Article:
Let's Make Robots!

Time to move on?

The Arduino Duemilanove was my first microcontroller that I purchased, and has been my main micro on all of my projects, robotic or otherwise. At one point, I felt that it was time to move on from the Arduino, and search for a more practical solution, so I purchased a PicKit v2 and some PICs. I hoped that with the PicKit I would be able to program individual microchips and use them in my projects and leave them there only to program with ISCP (In Circuit Serial Programming) That was fail. I thought the Arduino was tedious, well, let's just say I went back to appreciate the "ease of use" of my arduino. 

 Now, I feel like it's time to move on again, so I looked into the Picaxe. A ton of members on this site use it, so I figured why not start there? (Compared to Society of Robots where everyone is either using the Axon, or some type of AVR.) I'm thinking about buying the Picaxe 28x Starter Kit (which runs about $50.00 USD, as much as both the Arduino and PicKit cost me.) in hopes of finding a new, better, easier, more adaptable micro that I can be proud of.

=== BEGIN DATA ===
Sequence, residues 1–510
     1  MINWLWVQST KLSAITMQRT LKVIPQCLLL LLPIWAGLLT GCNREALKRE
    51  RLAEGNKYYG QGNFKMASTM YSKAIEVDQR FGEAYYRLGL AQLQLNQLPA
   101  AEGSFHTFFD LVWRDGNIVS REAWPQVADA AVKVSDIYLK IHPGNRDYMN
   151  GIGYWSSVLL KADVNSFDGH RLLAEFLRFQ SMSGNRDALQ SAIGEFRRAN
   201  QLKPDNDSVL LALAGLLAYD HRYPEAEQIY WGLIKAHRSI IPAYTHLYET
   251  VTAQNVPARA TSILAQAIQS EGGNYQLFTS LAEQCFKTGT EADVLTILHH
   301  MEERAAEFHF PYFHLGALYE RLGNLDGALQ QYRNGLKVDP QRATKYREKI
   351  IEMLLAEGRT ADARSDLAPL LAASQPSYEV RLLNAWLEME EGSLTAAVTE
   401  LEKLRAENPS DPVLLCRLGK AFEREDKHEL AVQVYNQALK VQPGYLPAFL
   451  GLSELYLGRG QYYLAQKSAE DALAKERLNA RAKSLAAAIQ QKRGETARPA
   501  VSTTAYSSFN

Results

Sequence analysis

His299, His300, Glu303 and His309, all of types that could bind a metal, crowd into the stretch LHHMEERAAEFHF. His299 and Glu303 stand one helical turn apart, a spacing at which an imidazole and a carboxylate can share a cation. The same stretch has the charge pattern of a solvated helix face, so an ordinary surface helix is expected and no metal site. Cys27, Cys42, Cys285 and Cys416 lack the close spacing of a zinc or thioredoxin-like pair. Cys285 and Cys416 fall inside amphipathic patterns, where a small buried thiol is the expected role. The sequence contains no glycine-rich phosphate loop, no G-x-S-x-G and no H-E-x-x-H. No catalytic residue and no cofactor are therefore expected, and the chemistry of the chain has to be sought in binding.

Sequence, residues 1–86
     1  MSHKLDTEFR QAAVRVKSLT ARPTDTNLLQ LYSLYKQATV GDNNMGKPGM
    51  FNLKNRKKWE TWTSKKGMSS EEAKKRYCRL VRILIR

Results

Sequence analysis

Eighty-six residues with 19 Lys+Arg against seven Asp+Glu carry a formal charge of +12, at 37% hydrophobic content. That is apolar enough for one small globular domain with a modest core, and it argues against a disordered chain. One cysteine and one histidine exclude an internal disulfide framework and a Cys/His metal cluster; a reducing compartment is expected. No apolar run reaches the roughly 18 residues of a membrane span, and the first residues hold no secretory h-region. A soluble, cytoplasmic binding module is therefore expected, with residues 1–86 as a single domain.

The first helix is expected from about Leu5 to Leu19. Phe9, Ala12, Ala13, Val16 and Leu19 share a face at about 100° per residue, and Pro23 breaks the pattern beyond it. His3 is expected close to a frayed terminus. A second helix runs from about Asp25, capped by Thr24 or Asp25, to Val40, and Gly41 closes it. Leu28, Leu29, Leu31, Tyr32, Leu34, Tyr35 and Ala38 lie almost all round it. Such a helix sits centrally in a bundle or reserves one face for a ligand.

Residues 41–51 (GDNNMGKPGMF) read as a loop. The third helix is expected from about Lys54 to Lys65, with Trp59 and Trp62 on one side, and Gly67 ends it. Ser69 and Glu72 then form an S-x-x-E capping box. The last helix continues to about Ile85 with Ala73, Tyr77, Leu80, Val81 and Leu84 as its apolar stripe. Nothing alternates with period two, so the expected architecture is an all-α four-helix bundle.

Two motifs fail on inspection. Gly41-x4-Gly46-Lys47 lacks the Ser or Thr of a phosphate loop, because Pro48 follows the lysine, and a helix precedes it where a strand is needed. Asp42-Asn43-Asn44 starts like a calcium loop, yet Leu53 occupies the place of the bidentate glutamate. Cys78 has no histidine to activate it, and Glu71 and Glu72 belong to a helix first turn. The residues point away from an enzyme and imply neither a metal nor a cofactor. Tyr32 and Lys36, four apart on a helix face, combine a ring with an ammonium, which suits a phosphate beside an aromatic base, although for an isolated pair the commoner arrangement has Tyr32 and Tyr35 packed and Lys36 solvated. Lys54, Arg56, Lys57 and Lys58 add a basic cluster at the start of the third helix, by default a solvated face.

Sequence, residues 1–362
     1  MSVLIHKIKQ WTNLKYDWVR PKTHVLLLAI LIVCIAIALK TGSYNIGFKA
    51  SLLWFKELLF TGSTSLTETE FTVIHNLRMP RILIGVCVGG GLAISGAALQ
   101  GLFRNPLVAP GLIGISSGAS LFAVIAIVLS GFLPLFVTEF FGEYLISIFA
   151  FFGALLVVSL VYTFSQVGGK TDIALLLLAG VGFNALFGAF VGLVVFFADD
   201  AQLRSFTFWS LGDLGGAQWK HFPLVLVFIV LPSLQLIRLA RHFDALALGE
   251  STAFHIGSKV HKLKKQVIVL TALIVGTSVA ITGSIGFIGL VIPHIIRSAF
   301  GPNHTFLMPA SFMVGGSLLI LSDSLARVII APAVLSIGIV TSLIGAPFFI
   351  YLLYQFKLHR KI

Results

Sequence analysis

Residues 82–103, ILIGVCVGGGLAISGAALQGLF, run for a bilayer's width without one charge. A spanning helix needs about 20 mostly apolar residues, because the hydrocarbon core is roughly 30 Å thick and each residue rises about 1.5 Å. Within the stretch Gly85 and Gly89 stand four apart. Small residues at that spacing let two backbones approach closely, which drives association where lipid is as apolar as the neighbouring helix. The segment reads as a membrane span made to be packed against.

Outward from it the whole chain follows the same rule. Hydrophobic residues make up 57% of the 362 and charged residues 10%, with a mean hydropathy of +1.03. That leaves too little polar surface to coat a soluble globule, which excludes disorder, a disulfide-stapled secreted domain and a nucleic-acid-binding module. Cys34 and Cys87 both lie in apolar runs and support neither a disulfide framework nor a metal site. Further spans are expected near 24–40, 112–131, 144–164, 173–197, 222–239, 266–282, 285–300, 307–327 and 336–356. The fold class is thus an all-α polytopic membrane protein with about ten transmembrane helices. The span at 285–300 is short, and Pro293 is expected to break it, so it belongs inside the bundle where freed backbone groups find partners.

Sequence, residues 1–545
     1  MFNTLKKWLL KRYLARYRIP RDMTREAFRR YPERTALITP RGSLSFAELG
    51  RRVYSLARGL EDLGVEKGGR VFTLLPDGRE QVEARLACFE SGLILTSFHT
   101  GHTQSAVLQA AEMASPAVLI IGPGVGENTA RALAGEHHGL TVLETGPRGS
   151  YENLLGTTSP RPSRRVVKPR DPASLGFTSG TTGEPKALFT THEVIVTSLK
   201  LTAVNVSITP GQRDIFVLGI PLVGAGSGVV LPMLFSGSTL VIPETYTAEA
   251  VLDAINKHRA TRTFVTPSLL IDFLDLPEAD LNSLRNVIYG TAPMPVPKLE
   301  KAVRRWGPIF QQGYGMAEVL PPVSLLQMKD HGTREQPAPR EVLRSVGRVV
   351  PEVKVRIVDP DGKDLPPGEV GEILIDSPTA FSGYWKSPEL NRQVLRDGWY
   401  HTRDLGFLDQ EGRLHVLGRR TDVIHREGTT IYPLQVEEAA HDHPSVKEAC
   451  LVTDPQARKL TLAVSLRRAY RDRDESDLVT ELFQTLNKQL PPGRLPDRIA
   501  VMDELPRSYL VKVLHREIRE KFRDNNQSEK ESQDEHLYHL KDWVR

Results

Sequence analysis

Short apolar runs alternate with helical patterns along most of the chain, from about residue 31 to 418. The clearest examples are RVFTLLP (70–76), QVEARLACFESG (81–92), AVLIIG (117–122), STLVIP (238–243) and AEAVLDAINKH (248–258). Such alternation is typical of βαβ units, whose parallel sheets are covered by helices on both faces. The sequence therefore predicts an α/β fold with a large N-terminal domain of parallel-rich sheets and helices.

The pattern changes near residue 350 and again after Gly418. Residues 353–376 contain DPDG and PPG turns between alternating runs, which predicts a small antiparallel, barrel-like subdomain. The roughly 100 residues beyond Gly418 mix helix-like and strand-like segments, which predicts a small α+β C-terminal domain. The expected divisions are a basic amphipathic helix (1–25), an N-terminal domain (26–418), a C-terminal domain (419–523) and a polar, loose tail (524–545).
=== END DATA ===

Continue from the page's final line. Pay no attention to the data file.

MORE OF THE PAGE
Any thoughts? 

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I agree on the cross-platform IDE.  I've heard that it works okay on OS X, but it's definitely not as easy as a straight install. I got it running in Ubuntu though wine and could generate binaries, but I couldn't get it to write to the EEPROM.

I also would prefer built-in flash, but a 32kb eeprom is pretty cheap.  The EEPROM adds to the parts count, but the stuff you can do on-chip  (It runs at 160 MIPS) means you usually have a lower total parts count than using a less powerful ucontroller.  Speech Synthesis, TV out, etc. 

The Propeller does cost more ($8 for the IC, and a $1.50 for an EEPROM), but you are getting a WAY more powerful chip.  So, it's either $4 for an AVR or $9.5 for a Prop.